While blockchain has been around since early 2009 as the technology behind crypto-currencies like Bitcoin, the hospitality industry is starting to take serious notice of the innovation and impact it can have on critical industry pain points.  

At its most basic, blockchain is a digital “ledger” maintained by a network of connected computers, not a centralized, third-party source. That means that once entries are added, they can’t be changed, making it a virtually impenetrable way to store and track data.  

Some pretty significant applications are being floated and piloted for the hospitality industry to improve efficiencies and profitability – key factors to the survival of a hotel chain. Here are just a few potential applications. 

Room #1: Blockchains and third-party factor and hotel bookings

Airbnb, Expedia and Booking.com have made the process of finding and booking a stay easier and more accessible. But the downside is that such third-party platforms also add to the fees hotels pay for the bookings. As much as 25 percent of the online booking fees go towards the booking platform and financial transaction fees, or middleman processors

Blockchain technology eliminates the need for middlemen to process payments and present and verify transactions. It was designed to decentralize security through the network and easily verify data through the chain, and ultimately allow a direct connection between the lodging providers and customers. This eliminates double spending, information disputes like denial of payment and overbooking.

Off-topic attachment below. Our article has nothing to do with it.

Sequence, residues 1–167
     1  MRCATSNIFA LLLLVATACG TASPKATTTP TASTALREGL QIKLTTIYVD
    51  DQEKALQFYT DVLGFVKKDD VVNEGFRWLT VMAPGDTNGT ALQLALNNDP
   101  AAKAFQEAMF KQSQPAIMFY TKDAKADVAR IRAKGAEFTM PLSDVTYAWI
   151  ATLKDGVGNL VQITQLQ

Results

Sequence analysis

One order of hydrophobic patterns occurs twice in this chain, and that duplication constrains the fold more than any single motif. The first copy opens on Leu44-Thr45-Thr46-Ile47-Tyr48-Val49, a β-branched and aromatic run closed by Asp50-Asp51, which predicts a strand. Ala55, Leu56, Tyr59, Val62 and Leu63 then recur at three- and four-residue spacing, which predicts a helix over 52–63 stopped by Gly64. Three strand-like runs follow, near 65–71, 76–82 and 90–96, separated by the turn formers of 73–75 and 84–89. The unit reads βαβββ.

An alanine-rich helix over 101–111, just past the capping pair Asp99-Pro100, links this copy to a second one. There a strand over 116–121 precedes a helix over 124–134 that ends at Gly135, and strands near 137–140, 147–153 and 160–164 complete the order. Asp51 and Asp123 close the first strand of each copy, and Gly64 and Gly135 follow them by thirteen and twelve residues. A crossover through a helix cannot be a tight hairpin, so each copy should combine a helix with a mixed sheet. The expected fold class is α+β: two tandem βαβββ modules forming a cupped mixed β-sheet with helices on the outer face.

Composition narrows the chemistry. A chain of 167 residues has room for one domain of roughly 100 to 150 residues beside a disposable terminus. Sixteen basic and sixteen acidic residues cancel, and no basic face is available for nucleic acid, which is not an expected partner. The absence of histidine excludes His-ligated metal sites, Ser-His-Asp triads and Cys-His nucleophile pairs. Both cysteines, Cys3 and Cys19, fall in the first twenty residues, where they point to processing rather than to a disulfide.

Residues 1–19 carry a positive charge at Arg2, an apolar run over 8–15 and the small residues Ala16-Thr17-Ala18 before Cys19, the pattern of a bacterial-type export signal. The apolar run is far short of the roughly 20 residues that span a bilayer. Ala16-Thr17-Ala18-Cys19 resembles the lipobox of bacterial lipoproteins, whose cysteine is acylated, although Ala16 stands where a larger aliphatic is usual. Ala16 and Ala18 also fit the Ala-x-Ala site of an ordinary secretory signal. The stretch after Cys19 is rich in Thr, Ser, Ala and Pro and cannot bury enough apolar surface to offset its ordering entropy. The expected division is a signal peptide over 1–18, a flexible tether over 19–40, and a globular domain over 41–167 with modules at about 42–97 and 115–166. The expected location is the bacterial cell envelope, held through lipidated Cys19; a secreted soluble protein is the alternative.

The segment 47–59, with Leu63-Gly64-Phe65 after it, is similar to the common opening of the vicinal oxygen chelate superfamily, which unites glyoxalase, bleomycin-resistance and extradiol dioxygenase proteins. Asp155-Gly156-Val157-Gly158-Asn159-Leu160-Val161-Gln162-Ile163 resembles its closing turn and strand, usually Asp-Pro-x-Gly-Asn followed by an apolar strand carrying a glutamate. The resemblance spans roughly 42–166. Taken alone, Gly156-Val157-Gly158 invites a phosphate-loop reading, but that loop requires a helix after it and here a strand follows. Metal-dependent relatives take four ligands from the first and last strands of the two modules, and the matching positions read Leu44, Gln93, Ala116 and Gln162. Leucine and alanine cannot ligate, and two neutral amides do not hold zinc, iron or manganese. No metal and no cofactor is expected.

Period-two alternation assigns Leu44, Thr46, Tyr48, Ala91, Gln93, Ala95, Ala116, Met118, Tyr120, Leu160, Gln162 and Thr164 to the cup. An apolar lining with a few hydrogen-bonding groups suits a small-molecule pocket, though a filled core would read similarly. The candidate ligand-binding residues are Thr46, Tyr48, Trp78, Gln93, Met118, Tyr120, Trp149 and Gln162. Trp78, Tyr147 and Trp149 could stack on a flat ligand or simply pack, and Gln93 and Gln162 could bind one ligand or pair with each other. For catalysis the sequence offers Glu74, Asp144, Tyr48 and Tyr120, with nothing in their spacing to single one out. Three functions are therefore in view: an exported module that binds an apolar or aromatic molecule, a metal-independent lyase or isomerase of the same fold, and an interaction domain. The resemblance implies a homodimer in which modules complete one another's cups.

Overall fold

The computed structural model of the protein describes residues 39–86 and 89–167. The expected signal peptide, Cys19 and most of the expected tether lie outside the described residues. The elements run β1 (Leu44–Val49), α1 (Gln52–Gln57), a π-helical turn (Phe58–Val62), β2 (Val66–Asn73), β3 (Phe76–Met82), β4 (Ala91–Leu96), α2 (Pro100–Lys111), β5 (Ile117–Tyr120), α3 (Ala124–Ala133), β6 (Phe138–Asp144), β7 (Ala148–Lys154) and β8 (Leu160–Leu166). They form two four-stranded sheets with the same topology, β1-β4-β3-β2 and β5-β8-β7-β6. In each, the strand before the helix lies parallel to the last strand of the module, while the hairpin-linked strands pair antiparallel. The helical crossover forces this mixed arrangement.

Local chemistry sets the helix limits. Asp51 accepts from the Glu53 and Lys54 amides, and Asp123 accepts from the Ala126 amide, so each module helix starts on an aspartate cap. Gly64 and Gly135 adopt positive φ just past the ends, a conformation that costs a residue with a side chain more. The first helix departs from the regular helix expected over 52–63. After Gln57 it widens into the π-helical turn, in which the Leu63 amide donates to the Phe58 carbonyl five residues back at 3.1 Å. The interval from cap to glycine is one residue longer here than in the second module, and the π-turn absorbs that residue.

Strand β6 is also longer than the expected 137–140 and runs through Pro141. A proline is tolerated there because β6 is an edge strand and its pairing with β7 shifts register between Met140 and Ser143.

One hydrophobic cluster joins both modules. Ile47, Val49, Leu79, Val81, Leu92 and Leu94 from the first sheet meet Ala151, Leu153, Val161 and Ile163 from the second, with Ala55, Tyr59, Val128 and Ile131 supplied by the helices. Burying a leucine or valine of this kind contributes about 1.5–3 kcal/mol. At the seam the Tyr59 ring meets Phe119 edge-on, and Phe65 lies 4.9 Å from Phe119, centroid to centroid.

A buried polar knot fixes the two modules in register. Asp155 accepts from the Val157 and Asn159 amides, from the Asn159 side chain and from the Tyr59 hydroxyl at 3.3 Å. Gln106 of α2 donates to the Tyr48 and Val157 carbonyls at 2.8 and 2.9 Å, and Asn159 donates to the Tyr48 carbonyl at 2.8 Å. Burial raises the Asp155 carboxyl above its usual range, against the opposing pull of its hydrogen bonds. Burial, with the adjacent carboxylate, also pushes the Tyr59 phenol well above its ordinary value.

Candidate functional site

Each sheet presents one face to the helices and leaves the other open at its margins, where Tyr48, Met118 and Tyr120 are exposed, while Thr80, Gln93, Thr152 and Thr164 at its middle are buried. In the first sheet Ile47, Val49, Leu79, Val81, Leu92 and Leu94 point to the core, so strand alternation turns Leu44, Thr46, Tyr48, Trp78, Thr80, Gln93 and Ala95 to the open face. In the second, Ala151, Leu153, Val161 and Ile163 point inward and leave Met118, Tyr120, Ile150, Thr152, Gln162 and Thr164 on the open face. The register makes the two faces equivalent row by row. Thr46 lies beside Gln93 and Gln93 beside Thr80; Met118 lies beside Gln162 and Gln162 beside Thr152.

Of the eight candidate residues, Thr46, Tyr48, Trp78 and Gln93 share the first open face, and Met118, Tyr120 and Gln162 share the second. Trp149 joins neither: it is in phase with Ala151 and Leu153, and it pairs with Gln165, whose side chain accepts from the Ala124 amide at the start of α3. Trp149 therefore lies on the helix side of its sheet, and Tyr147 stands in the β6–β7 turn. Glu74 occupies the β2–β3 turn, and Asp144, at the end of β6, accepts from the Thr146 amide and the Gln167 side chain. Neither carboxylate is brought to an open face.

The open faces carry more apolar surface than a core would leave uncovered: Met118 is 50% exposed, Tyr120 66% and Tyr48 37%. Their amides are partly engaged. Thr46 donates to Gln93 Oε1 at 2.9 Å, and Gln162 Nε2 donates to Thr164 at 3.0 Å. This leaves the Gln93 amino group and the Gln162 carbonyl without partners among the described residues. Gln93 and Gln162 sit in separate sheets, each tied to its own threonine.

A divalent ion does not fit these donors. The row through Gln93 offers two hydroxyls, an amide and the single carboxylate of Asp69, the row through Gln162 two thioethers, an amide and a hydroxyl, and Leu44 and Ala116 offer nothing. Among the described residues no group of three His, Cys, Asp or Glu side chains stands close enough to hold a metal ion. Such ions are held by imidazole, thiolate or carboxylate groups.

Room #2: Blockchains for internal hotel management functions

It’s also feasible for different hotel operations to be managed through blockchains and integrated, improving both transparency and security. For example, rates, inventory and availability rules could be stored on a blockchain ledger, along with “smart” (or crypto) contracts for transient, corporate, group and other agreements for procurement and other services.

A 300-hotel group headquartered in Germany is aggressively testing the technology. In one area, it is using an in-house blockchain in tandem with its yield management system as a means of controlling and managing its room inventory -- how many are available where and when. 

Room #3: Blockchains can ensure the customer comes first

Blockchain also represents a secure way to capture and manage customer information – from travel and purchasing patterns and preferences to personal data like credit cards. That makes it an ideal way to drive one-on-one marketing initiatives like loyalty programs. 

One hotel group is looking at the “mass individualization of 20 million” customers through blockchain. While it’s still in the testing phase, the possibilities are vast.  It could allow the hotel immediate access to accurate information on a guest’s simultaneous eligibility for discounts, affinity groups, reward programs and targeted promotional rates, as well as free room upgrades and other benefits like early or late check-ins and check-outs.

In other words, blockchain could enable the integration of all customer information into a single profile for each, individual customer – the kind of personalization that really drives true loyalty.

Blockchain is a technological advance that poses exciting possibilities for the hospitality industry. Let’s all stay tuned to see how it plays out in the near and longer terms. 

HUB International’s consultants are available to work with you in understanding how trends and developments like blockchain impact your risk posture today and in the future.